It is depressing that none of the candidates for the Labour leadership are seriously addressing this issue. Even Corbyn is very cautious: rightly defending the constituency-MP link, he seems unwilling to explore the Single Transferable Vote in multi-member constituencies (as in Ireland), which is the best way to combine this link with proportionality without creating second-class party-list MPs (as in Germany).

Corbyn has, however, proposed calling a constitutional convention, which if done in the right way could be a way to open up the issues more widely. Democratic reform of the House of Lords, where executive patronage is as anachronistic as hereditary titles, should also be common ground.

The SNP and the Miliband trap

The national question will be trickier. It will be difficult for Labour (and the Liberal Democrats) to ally with the SNP so long as the latter sees independence as a short-term goal. If the SNP goes all-out for a new referendum after next year’s Holyrood election, that will make their participation in a UK-wide alternative to the Conservatives impossible. A referendum campaign would divide and divert any non-Tory momentum – even if it resulted in a new ‘No’, as is likely because the economic fundamentals have moved against independence.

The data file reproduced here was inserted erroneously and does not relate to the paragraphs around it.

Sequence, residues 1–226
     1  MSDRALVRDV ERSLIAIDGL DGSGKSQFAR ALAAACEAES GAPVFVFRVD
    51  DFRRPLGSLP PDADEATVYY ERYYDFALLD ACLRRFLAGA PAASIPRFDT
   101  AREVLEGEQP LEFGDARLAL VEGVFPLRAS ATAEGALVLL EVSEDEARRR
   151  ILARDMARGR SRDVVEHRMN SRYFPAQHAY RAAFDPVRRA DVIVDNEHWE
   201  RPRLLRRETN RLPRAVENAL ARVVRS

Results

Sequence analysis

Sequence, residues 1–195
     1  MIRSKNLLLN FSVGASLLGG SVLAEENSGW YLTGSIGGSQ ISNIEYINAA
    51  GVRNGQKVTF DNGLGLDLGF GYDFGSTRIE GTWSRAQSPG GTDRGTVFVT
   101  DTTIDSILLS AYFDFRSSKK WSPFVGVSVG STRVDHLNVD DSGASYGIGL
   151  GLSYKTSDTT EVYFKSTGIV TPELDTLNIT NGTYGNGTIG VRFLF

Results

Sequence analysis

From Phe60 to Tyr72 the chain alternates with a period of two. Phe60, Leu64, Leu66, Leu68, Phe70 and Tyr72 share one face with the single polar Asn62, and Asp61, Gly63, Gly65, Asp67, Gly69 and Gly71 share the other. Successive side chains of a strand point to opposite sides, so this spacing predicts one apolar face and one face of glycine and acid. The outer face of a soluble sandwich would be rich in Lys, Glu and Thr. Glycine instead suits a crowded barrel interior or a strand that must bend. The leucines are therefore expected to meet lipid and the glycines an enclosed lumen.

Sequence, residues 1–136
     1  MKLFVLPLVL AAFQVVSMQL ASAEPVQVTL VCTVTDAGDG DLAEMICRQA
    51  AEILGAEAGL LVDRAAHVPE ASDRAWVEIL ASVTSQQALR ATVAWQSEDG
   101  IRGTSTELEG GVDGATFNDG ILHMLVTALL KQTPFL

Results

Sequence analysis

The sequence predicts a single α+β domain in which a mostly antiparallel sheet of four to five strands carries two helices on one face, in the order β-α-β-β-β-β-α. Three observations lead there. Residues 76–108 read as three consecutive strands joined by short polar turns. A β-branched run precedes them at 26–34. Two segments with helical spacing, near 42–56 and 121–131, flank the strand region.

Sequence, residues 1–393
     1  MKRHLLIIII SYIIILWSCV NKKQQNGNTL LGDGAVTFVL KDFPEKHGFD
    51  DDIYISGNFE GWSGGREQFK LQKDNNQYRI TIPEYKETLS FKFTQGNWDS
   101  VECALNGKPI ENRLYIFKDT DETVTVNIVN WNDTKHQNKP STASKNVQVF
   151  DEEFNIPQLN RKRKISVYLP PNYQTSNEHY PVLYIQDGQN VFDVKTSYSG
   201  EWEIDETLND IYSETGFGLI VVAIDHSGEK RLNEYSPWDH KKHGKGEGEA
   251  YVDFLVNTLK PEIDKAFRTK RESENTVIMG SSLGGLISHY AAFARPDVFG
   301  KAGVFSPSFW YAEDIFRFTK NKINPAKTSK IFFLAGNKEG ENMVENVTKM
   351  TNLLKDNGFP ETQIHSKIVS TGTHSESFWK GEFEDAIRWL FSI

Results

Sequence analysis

What we may call the Miliband trap will only be overcome with a viable constitutional alternative. Federalism could be more tolerable to Labour (and the non-Tory English generally) if coupled with proportional representation in both UK and national parliaments. The non-Tory parties and civil society need to get ahead of both the Government and the SNP and find a new common ground which will help prevent a repeat of the impasse of 2014-15.

The European challenge

The first big challenge, in any case, will be Europe, where the opposition must avoid a different trap – condemning the failings of European Union democracy and exposing Cameron’s cosmetic renegotiation, without embracing the dangerous tendency to reject the European project altogether.

Corbyn has already half-stumbled over this issue. Although the questions of Eurozone austerity and just migration policies resonate powerfully, Corbyn – or whoever is the Labour leader – will have their work cut out to find an internationalist way through the referendum dilemmas that boosts rather than fragments the party.